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Based On Your Experience, What Is The Best Library For Opengl 1.4?


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#1 nightrobin   Members   -  Reputation: 127

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Posted 31 October 2012 - 08:59 PM

My netbook only supports openGL version 1.4, my GPU is intel gma 3150, so for you what is the best library/tools to use or somewhat great move to make/advice, there are no wrong answers, (I am trying to create a game)

PS: I already check the net for resources but, opengl (redbook) 4th edition is scarce (and redbook for v1.1
is already deprecated and is very OLD than what I'm looking for), besides I don't have money to buy a
new laptop or a opengl book from online shop because international delivery is very expensive, I'm from
outside US.

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#2 mhagain   Crossbones+   -  Reputation: 7976

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Posted 31 October 2012 - 09:13 PM

In the spirit of "there are no wrong answers": read up some on GL_ARB_vertex_program and GL_ARB_fragment_program; they're not as good as a more modern shader interface, but your Intel does support them and they will enable you to break out of the fixed pipeline trap somewhat.

For learning resources you may have more luck finding a 3rd Edition Superbible - this covered up to GL 1.5 and had a section at the back going into some detail about these two shader extensions, as well as (the then formative) first version of GLSL.

Edited by mhagain, 01 November 2012 - 04:53 AM.

It appears that the gentleman thought C++ was extremely difficult and he was overjoyed that the machine was absorbing it; he understood that good C++ is difficult but the best C++ is well-nigh unintelligible.


#3 V-man   Members   -  Reputation: 805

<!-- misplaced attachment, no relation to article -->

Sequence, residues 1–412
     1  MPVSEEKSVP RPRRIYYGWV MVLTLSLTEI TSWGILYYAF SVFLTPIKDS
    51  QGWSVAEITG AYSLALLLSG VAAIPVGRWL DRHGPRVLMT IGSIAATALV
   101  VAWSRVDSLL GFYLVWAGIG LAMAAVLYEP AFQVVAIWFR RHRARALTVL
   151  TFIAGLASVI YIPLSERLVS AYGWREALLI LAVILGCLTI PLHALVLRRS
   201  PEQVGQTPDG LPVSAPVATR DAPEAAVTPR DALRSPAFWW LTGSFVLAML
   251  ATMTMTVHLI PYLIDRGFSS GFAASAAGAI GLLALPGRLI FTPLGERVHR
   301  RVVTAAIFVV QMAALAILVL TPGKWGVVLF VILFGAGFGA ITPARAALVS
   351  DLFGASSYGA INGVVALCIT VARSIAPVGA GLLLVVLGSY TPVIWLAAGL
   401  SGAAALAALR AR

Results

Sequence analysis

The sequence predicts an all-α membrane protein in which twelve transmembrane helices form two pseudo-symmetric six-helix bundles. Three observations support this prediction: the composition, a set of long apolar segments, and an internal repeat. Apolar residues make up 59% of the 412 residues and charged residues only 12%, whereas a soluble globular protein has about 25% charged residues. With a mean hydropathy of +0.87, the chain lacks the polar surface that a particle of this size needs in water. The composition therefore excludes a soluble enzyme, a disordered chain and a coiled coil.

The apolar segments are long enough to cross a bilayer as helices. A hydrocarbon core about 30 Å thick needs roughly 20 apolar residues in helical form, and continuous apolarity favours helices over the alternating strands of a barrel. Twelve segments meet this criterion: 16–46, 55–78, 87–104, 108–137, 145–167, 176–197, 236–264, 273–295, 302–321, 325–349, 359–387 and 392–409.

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Posted 02 November 2012 - 05:14 AM

What do you mean by library? What exactly do you want to do?
If you just want to create a GL window, then use freeGLUT, SDL or the several other solutions.
If you need a graphics engine, there is Ogre3D and many others out there.

mhagain said GL_ARB_vertex_program and GL_ARB_fragment_program but these aren't libraries. These are GL extensions which are quite old by now.
I strongly recommend getting a GL 2.0 card at minimum and use shaders for rendering everything.
If you really want to stick with Intel, stick to GL 1.1 since their GL drivers are terrible or just go with Direct3D.
Sig: http://glhlib.sourceforge.net
an open source GLU replacement library. Much more modern than GLU.
float matrix[16], inverse_matrix[16];
glhLoadIdentityf2(matrix);
glhTranslatef2(matrix, 0.0, 0.0, 5.0);
glhRotateAboutXf2(matrix, angleInRadians);
glhScalef2(matrix, 1.0, 1.0, -1.0);
glhQuickInvertMatrixf2(matrix, inverse_matrix);
glUniformMatrix4fv(uniformLocation1, 1, FALSE, matrix);
glUniformMatrix4fv(uniformLocation2, 1, FALSE, inverse_matrix);

#4 Aks9   Members   -  Reputation: 861

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Posted 03 November 2012 - 06:30 AM

If you really want to stick with Intel, stick to GL 1.1 since their GL drivers are terrible or just go with Direct3D.

Intel's hardware has been really terrible until HD2000.
HD2000/3000 is, as far as I know, the first Intel's GPU that supports multisampling, and is GL3.3 compatible.
On third generation i-processors (equipped with HD2500/4000) even GL4.0 is fully supported.

Well, there is something interesting in the behavior of the drivers (something that works on both NV and AMD makes problem on Intel), but I cannot say it is not correct, just we are not used to. Posted Image

I have a very limited experience with HD2500 since it is too weak to be used for real 3D applications, although GL4.0 support is quite peasant.

I also have GMA3150 (on the netbook), but it cannot be used for anything. It is a real trash, since there are only two fragmet shaders, while vertex shaders are emulated in software.

In short, only the latest Intel's i-processors (2nd and 3rd generation) are good enough to be used for "trying" GL graphics programming. It should be kept in mind when buying new laptops. For serious work, at the moment, I wouldn't suggest anything less than GeForce GT 640M (currently the least expensive Kepler based graphics card for laptops). In fact, that's what I'm planning to bay. Posted Image




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